Philippine, Indonesian Muslims Congregate for Eid-ul-Adha as Outbreak Deepens

Basilio Sepe
2021.07.20
Taguig city, Philippines
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Muslims pray outside the Blue Mosque in Taguig city, Metro Manila, as they mark Eid-ul-Adha, July 20, 2021. [Basilio Sepe/BenarNews]

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A woman arrives for prayers at a mosque in Metro Manila, July 20, 2021. [Basilio Sepe/BenarNews]

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People offer Eid ul-Adha prayers outside the Darussalam Grand Mosque in Palangkaraya, Indonesia, July 20, 2021. [Reuters]

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Muslims have their temperatures checked before entering the Zona Madina Mosque in Bogor, Indonesia, for prayer services, July 20, 2021. [AP]

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People crowd onto a ferry in Dhaka to head to their hometowns after Bangladesh’s government lifted COVID-19 lockdown restrictions ahead of the Eid-ul-Adha holiday, July 19, 2021. [AFP]

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The morning sky silhouettes worshipers as they attend Eid-ul-Adha prayer services in Taguig city, Philippines, July 20, 2021. [Basilio Sepe/BenarNews]

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Indonesian Muslim women and children pack the Baiturrahman Grand Mosque in Banda Aceh, July 20, 2021. [AFP]

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A woman covers her head with a prayer rug outside the Blue Mosque in Taguig city, Philippines, July 20, 2021. [Basilio Sepe/BenarNews]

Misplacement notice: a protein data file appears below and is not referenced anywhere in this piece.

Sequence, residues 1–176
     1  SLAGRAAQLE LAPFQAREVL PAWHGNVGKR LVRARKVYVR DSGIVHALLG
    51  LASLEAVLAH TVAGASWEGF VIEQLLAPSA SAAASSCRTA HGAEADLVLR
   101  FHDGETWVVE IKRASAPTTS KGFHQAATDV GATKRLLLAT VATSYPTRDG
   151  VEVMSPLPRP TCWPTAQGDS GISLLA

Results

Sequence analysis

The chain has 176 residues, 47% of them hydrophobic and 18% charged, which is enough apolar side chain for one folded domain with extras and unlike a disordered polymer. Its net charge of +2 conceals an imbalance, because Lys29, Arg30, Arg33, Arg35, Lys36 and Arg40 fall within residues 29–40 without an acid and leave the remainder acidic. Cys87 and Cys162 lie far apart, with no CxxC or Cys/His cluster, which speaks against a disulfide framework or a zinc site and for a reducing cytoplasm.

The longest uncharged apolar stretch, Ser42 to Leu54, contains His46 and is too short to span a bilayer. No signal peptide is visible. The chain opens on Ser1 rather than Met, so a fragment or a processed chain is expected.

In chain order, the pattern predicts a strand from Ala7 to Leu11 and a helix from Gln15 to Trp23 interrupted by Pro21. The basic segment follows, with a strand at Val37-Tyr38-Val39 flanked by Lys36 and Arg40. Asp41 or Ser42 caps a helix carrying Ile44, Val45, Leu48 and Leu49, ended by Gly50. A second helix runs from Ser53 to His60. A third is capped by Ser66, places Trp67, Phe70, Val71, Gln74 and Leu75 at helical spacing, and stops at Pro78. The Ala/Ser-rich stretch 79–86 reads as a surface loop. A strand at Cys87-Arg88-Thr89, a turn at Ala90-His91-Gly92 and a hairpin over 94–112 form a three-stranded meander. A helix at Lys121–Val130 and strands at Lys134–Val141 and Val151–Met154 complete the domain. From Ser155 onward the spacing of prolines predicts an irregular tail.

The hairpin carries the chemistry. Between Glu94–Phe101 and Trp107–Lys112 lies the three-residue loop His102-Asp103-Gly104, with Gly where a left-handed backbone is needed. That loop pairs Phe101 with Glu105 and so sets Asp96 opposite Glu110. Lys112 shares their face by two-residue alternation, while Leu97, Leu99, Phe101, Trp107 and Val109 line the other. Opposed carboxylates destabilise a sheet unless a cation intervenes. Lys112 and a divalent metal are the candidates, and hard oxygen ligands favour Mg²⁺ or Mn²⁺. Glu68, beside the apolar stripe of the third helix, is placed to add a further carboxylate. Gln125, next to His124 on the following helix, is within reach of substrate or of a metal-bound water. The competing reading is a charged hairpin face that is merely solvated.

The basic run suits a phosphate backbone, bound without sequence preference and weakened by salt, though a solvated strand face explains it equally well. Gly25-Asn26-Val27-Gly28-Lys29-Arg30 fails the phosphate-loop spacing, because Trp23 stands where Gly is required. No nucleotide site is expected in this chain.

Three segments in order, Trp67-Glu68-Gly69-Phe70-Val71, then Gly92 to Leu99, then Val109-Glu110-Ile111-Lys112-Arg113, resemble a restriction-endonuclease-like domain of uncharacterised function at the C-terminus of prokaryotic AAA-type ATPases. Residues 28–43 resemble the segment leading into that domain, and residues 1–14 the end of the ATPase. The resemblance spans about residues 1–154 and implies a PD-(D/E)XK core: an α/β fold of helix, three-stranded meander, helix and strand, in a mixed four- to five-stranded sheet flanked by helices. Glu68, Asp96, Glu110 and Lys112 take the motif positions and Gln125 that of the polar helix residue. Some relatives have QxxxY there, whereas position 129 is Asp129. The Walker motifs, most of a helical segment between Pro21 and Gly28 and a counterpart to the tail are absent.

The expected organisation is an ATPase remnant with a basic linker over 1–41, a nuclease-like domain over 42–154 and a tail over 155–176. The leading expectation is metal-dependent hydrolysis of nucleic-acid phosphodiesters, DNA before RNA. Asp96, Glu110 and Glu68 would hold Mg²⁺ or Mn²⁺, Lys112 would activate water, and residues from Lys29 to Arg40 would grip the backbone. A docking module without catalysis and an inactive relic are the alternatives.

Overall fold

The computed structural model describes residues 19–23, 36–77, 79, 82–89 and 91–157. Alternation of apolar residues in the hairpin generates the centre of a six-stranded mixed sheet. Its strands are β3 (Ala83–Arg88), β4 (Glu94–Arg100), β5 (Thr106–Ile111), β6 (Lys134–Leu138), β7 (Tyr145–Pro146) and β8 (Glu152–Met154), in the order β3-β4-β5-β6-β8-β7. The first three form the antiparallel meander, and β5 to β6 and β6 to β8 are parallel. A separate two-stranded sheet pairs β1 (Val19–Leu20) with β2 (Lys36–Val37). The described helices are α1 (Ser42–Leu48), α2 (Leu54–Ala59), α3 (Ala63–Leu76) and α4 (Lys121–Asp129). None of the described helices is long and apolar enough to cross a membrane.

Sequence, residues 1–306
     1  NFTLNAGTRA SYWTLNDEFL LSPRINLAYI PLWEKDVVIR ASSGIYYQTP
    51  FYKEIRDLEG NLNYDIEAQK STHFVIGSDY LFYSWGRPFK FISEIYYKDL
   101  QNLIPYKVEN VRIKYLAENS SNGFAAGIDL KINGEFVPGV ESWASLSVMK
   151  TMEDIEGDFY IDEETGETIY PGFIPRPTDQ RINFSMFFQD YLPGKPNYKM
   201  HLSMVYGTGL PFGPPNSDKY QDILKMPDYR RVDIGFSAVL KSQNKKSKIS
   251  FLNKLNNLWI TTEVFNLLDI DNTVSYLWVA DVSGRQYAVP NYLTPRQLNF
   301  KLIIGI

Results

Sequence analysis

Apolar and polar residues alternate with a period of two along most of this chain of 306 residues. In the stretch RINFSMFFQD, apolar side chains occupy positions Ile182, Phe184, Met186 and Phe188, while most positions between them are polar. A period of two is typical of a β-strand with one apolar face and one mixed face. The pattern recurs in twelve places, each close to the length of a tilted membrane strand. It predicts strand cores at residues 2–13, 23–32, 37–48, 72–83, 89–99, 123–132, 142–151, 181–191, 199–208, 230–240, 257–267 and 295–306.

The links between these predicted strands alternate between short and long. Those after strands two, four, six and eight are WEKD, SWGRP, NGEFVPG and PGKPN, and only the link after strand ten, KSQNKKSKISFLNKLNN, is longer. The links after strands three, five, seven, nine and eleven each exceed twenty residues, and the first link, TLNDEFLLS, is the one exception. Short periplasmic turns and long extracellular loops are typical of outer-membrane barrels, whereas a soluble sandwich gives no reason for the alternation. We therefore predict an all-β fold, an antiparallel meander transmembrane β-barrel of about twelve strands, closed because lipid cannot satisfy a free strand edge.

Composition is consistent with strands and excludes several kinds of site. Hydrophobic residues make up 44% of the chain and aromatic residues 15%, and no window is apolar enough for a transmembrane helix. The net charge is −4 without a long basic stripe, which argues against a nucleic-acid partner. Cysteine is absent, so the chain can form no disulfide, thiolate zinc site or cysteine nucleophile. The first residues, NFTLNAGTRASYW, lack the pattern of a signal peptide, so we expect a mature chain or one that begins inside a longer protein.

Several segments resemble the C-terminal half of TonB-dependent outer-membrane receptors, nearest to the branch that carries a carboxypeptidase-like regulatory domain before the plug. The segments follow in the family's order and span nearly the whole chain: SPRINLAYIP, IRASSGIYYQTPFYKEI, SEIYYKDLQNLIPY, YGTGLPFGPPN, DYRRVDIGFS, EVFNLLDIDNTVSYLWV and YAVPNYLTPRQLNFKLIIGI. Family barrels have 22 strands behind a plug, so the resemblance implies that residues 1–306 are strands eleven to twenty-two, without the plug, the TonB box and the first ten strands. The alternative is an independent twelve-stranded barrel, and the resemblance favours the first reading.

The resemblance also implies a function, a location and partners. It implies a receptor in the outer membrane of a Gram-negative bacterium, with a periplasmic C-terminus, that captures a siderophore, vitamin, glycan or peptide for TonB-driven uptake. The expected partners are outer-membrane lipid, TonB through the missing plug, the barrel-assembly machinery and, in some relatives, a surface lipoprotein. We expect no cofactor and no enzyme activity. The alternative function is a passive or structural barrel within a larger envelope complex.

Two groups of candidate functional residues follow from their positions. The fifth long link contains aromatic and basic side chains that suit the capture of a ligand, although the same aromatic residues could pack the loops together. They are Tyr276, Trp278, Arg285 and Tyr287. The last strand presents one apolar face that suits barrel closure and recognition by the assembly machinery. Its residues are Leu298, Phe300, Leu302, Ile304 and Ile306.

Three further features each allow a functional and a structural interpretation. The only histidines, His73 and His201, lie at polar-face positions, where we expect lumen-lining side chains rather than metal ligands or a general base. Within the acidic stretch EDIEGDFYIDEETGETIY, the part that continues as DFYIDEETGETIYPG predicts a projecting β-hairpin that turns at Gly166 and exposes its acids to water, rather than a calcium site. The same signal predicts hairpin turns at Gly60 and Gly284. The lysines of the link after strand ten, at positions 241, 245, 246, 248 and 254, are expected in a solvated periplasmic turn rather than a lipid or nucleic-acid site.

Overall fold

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Filipinos in Taguig city, Metro Manila, prepare to slaughter a cow for the “Feast of Sacrifice,” or Eid-ul-Adha holiday, July 20, 2021. [Basilio Sepe/BenarNews]

Muslims flocked to mosques in the Philippines and Indonesia on Tuesday and butchered livestock to mark Eid-ul-Adha, or the “Feast of Sacrifice” holiday, despite their governments urging people not to congregate in public amid virulent waves of coronavirus infections.

President Rodrigo Duterte called for peace in the Catholic-majority Philippines. Muslims make up a small percentage of the population. They are largely concentrated in the south, but at least 110,000 live in Metro Manila, according to the 2015 census.

“I stand in solidarity with you in pursuing our shared goal of building a society that transcends religious, political, and cultural barriers,” Duterte said in a holiday message.

“Let us reach out to one another, set aside our differences, and join hands to overcome the great challenges of the COVID-19 pandemic that we as a people are facing at this time,” presidential spokesman Harry Roque added.

Eid-ul-Adha honors Abraham’s willingness to sacrifice his son to God, who allowed him to sacrifice a ram instead. Muslims butcher cows, goats, lambs and other animals to prepare a feast for friends and family, and to donate to others in need.

In neighboring Indonesia, President Joko “Jokowi” Widodo called on worshipers in the world’s most populous Muslim-majority country to follow health protocols, including wearing masks and maintaining social distance.

“During a pandemic like today, we need a willingness to make more sacrifices. Sacrificing personal interests and putting the interests of the community and others first,” Jokowi said in an Eid greeting broadcast via YouTube on Monday. “May Allah ease all of our steps until we achieve victory against this COVID-19 pandemic.”

In Bangladesh, another majority-Muslim country, the government has lifted all COVID-19 restrictions during a nine-day period that covers Eid, although the nation is in the throes of a severe wave of infections driven by the highly contagious Delta variant.

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